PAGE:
No Whiffs
Boston’s first run was pretty dumb. David Ortiz walked in a 3-3 count — third base ump Mike Muchlinski said Ortiz checked his swing on what would have been strike three even though it was pretty clear he went around — then moved to third on two wild pitches and scored on Hanley Ramirez’s sac fly. Ortiz should have struck out, McCann could have possibly kept one of those wild pitches in front of him, but nope. Blah. Ugly run.

The other two runs in the fourth weren’t so cheap, though of course there was an error involved, New York’s league-leading tenth of the season. And to think, defense was supposed to be a strength. Anyway, Pablo Sandoval singled and Napoli drew a walk after Hanley’s sac fly, then Shane Victorino hit what could have been an inning-ending double play. It should have been at least one out. Instead Drew’s flip to second was wide of the bag and Didi Gregorius couldn’t reel it in.

Xander Bogaerts took advantage with a two-run double to left field to make it 7-3 before Tanaka struck out Ryan Hanigan and Mookie Betts to limit the damage. Hanigan helped Masahiro out by expanding the zone considerably to chase a slider. The running theme that inning was an utter lack of swings and misses. In the Ortiz through Bogaerts at-bats, Tanaka threw 30 pitches and got just one swing and miss, the second pitch to Ortiz. Red Sox hitters laid off his splitter like they knew it was coming.

Overall, Tanaka got just five whiffs out of 97 total pitches (5.2%) on Sunday. He got a dozen swings and misses out of 82 total pitches (14.6%) in his first start against a good hitting Blue Jays team, which was right in line with his 2014 rate (13.4%), yet Sunday night the empty swings weren’t there for whatever reason. Maybe it was the elbow, maybe he was tipping his splitter, maybe the Red Sox are just that good, or maybe it was just one of those nights. No way to know.

Whatever it was, the inability to get whiffs was a clear issue for Tanaka on Sunday. He finished the night with four strikeouts and four runs allowed (three earned) on three hits and four walks in five innings. (The fourth run was a brute strength homer by Hanley on a good down and away slider.) Forty-nine of Tanaka’s 97 pitches were either four-seamers or sinkers (50.5%), way more than what he threw against Toronto six days ago (32.9%) as well as last year’s average (40.8%). He didn’t shy away from the heater. That’s for sure.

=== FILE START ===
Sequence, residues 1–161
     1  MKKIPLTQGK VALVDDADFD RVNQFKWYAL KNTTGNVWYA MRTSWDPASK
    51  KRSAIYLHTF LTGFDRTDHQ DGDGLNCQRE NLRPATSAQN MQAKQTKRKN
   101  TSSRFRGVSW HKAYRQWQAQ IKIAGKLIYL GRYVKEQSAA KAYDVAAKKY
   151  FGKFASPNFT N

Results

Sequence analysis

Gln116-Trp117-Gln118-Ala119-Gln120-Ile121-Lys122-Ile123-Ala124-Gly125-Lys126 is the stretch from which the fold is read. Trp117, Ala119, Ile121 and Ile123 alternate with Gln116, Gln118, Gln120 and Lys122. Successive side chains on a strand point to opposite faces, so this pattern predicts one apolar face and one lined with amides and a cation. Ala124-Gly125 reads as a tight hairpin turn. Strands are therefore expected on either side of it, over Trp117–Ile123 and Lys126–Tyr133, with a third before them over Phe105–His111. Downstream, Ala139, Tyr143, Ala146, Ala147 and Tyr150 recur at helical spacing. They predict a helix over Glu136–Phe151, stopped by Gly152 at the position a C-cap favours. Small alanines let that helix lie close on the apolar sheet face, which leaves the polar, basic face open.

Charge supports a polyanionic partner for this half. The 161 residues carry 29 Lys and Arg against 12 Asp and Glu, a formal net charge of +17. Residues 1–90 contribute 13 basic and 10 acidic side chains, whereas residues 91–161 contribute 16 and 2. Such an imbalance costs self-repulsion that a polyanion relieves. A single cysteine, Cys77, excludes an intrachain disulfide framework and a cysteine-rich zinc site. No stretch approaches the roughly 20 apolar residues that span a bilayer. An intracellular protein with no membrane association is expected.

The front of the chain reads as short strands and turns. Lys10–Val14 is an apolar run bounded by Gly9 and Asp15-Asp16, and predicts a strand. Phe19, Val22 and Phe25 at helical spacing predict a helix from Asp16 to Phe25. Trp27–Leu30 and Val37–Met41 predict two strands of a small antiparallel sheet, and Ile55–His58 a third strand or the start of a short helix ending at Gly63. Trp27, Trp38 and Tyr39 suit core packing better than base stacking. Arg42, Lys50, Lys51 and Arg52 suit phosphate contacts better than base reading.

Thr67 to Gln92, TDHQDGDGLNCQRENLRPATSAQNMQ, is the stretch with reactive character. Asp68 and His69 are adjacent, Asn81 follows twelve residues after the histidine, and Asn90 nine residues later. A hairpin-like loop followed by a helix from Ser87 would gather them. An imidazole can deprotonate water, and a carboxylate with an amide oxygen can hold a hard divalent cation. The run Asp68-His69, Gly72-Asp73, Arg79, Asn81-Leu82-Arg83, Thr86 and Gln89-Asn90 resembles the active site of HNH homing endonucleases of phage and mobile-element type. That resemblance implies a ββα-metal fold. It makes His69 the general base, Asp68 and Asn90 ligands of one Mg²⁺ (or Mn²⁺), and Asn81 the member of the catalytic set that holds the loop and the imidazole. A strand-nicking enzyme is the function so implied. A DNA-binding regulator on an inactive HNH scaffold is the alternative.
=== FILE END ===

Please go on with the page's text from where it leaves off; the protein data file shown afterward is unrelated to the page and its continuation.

Insurance Runs
The Yankees answered the Red Sox’s three-run top of the fourth with three runs in the bottom half. Gregorius, Ellsbury, and Gardner opened the inning with three identical ground ball singles back up the middle. It looked like ESPN kept playing the same replay over and over. Ellsbury stole second during Gardner’s at-bat and was able to score along with Gregorius on Brett’s single. Buchholz didn’t bother to back up the base on either Ellsbury’s or Gardner’s single. His body language was … less than good.

Gardner took second base on the throw home and moved to third on Carlos Beltran‘s infield single. Yes, Beltran had an infield single. Pablo Sandoval fielded the ball fairly cleanly but couldn’t get it out of his glove to make the throw. Beltran sliced a single to right later in the game and now has four hits on the season: a legit single, a legit double, one double most non-Hanley left fielders catch, and an infield single. Teixeira followed that with a deep sac fly to score Gardner from third. Answering those three Boston runs in the next half inning was huge.

The Yankees scored another three runs against lefty Tommy Layne in the sixth when the first five hitters of the inning reached base. Beltran lined a single to right, Teixeira pulled a ground ball single through the right side, McCann blooped a single to right, A-Rod drew a bases loaded walk, and Headley singled in another run. Drew drove in the third run of the inning with a sac fly. That made it 13-4. McCann’s solo homer — the 200th dinger of his career — made it 14-4 in the eighth.

#obligatoryerror (Presswire)
#obligatoryerror (Presswire)